## Thinking About the Infinite

### A Mathematical Concept — and a Glimpse of God

#### By Robbin O'Leary, Professor of Mathematics

The word "infinite" comes from Latin *in* (meaning "not") and *finis* (meaning "end"). Scripture does not actually use the word "infinite," but refers to God as being great beyond our comprehension, eternal, or without end in time. So the word "infinite" used in reference to God means that some aspect of God's character is without limit.

I come to this topic as a mathematician, not as a philosopher or a theologian. From my perspective, mathematical "sets" — specifically infinite sets — can provide a small insight into the nature of God.

When relating the language of infinity to God, we are using an analogy. The mathematical concept of infinity is very focused, and even though we sometimes don't understand mathematical infinity very well, we know much more about it than we do about God.

Stated simply, a set is a collection of objects. These objects might be words, such as the number words {one, two, three}. Two sets have the same number of elements if they can be put into one-to-one correspondence. This means they can be paired up with each other so that nothing is missed, and nothing is counted (or paired up) more than once. All sets have the same number of elements as each other have the same name: the last number word we reach when counting the elements. This is called the "cardinal number" of the set. For example, if I count the number of words in the set {one, two, three}, the last number I say, three, is the cardinal number of that set. Any set that can be counted in this way, where you end at some number, is called a finite set.

What if I have a set for which no such stopping point exists, say the set of all counting or natural numbers, ℕ? If we try to count all these numbers, we never finish. This set is not finite, so we say it is infinite.

This is an indirect method of defining a concept — by defining what it is not. So to say a set is infinite is to say that it is "not finite." Indeed, some of our descriptions of God also speak about what God is not — immortal (not mortal), invisible (not visible), unchangeable (not changeable), and others.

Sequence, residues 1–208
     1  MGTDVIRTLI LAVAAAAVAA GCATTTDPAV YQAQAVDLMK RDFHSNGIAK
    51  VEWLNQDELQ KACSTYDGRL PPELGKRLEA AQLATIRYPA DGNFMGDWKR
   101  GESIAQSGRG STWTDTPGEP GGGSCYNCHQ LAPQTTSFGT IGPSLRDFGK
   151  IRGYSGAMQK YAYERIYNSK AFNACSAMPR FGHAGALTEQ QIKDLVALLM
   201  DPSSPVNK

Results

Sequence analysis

Mathematics also has a direct definition for infinite sets. Think about the even numbers, {two, four, six, eight ...}. This set can be put into one-to-one correspondence with the natural numbers, by pairing any even number with half itself. We're essentially counting the even numbers and finding that there are the same number of them as there are natural numbers.

So we have two sets, evens and natural numbers that are the same size, but the evens are a smaller set than the natural numbers because the set of evens fits inside the naturals with some numbers left over. (This is called a proper subset.) This property gives us a direct definition of an infinite set: a set that can be put into one-to-one correspondence with a proper subset of itself.

Looking at infinite sets in this direct way allows us to see some of the ways infinite sets are different from finite sets. Consider the simple act of subtracting. If you subtract with finite sets (think "take away"), you always get a smaller set. However, with the infinite set ℕ, taking away the odd numbers leaves the even numbers, another infinite set. Or, you can take the infinite set of all numbers greater than one from the infinite set ℕ and get a finite set, {one}. In other words, infinity minus infinity could be zero; it could be one; it could be infinity.

Infinite sets simply don't follow the same rules as finite sets. Subtracting a finite set from an infinite set leaves a set the same size as before, infinitely large. Any finite set is negligible — it might as well be nothing — in comparison to the unimaginable size of an infinite set.

By analogy, as God allows us to make choices, giving up some power, God remains all-powerful. In mathematics, we are very careful when discussing the infinite, because we know that infinite sets don't behave like finite sets. Our mathematical intuition built on our experience with the finite does not apply to the infinite.

Sometimes we Christians need to recognize with similar humility how much we don't understand God's ways. In our thinking we must allow God to be God, to be beyond our understanding, much as mathematicians allow the infinite sets of mathematics to be different from the finite.

*Robbin O'Leary is a professor of mathematics at SPU.
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